A HIGHAM man trying to win a pardon the 12 Pendle Witches executed in 1612 has taken his appeal to the Queen.
Arthur Stuttard, a retired barrister, failed in his attempt to secure a pardon after contacting Ministry of Justice and the Criminal Cases Review Commission over a two-year period.
He then decided to write to the Queen earlier this month in a last-ditch attempt to gain a pardon in which he wrote it would be a “nice touch” if Her Majesty could “rectify matters 400 years later” in the Jubilee year.
Mr Stuttard has also emailed the Prince of Wales but has not yet had a reply.
However, Mr Stuttard received a letter from the Queen saying she had “taken careful note” of his comments but it was not a matter where she could “personally intervene”.
Mr Stuttard has a strong interest in the Pendle Witches as the Demdike family and the Chattox family, both of which were central to the trial held in Lancaster in 1612, lived in a neighbouring properties.
He also believes the Queen’s ancestor, King James I, was one of the chief reasons behind the trials in the first place as a book he published on the subject helped whip up interest in witchcraft and is likely to have skewed the view of local magistrate Roger Nowell.
Mr Stuttard said: “My interest goes back a long time. Demdike lived next door but one in Ashlar Cottage and the Chattoxes lived down the field.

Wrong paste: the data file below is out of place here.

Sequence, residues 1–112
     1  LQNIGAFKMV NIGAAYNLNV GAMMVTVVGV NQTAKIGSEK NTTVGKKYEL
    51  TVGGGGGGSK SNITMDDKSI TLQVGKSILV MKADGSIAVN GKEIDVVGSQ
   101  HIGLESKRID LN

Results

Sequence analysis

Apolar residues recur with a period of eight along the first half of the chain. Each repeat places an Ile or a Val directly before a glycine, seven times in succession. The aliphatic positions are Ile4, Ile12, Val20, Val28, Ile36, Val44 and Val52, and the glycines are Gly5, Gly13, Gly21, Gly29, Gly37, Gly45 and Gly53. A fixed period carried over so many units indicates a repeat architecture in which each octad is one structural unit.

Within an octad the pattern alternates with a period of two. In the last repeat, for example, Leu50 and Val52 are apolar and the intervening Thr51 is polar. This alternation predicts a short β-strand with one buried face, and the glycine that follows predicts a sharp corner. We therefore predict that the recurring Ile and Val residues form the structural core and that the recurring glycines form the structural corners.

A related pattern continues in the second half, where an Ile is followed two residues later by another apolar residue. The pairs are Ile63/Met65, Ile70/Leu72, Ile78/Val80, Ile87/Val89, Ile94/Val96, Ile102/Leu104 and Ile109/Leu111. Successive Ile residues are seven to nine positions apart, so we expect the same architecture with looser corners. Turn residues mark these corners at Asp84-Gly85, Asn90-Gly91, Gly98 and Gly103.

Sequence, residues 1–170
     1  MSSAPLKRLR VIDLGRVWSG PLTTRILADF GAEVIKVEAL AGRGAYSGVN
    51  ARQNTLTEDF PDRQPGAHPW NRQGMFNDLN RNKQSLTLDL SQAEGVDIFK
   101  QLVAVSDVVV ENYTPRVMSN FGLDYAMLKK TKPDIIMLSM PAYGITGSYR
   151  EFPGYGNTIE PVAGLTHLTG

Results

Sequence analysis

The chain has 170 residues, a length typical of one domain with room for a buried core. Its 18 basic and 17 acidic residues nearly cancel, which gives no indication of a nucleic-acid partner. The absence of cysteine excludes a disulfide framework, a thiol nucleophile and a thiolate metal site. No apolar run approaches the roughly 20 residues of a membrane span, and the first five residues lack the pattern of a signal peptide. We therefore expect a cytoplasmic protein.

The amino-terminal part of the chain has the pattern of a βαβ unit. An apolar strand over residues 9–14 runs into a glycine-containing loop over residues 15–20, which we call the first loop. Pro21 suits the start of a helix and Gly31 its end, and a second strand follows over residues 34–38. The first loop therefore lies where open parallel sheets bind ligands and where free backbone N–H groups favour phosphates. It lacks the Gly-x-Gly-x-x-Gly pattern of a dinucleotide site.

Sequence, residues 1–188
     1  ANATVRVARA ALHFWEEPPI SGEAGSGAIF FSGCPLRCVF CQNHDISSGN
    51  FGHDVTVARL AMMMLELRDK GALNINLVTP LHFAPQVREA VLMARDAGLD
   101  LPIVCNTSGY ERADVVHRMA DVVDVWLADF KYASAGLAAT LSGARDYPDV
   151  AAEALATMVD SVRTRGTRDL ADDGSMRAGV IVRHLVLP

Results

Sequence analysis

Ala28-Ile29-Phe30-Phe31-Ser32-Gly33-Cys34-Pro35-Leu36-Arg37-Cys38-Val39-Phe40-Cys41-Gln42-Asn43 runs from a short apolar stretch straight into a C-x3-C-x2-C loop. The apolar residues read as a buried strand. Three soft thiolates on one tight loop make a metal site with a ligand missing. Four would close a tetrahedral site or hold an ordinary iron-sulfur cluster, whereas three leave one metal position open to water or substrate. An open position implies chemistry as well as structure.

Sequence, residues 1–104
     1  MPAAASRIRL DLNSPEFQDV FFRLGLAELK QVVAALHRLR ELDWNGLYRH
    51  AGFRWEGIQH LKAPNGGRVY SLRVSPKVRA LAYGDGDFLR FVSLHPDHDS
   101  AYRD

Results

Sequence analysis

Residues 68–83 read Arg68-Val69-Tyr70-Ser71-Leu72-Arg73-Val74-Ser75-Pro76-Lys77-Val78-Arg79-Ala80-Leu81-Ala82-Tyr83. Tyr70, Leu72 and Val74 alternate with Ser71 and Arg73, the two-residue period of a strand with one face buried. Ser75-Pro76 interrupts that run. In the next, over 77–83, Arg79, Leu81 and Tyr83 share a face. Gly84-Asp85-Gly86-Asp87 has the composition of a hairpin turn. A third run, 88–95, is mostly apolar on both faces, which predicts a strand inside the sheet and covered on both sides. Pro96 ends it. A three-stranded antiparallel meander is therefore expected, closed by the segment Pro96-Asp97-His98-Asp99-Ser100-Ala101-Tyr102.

“I started writing in September 2009 in an attempt to get a Royal pardon but I didn’t get very far so thought I’d write to the Queen as the Duke of Lancaster.
“By anybody’s standards, even by those of the day, the trials were a grave miscarriage of justice.
“The Queen’s ancestor, King James I, was initially a great believer in witchcraft and was the leading authority at the time publishing a book in 1597 called Demonologie. All judges across the country would have had a copy of this.
“Though he mellowed in his views at later witch trials, magistrates earlier and at the 1612 trials would have tried curry favour with the King and get a conviction.”
Although some witches tried and executed in Scotland before 1735 received a pardon in 2004, Mr Stuttard is sitting tight at the moment in light of the Home Office’s reply but has not ruled out a fresh appeal.
In a letter to Mr Stuttard, the Ministry of Justice stated that the granting of a free pardon was “extremely rare” (only one has occurred in modern times) and that the granting of a blanket pardon to a number of individuals was “not the usual practice”.
The letter added that reviewing the cases of the 12 convicted witches would be unlikely “because of the length of time that has elapsed since the convictions and executions” and because there is “no evidence that demonstrates conclusively that no offences were committed or that the individuals concerned did not commit any such offence”.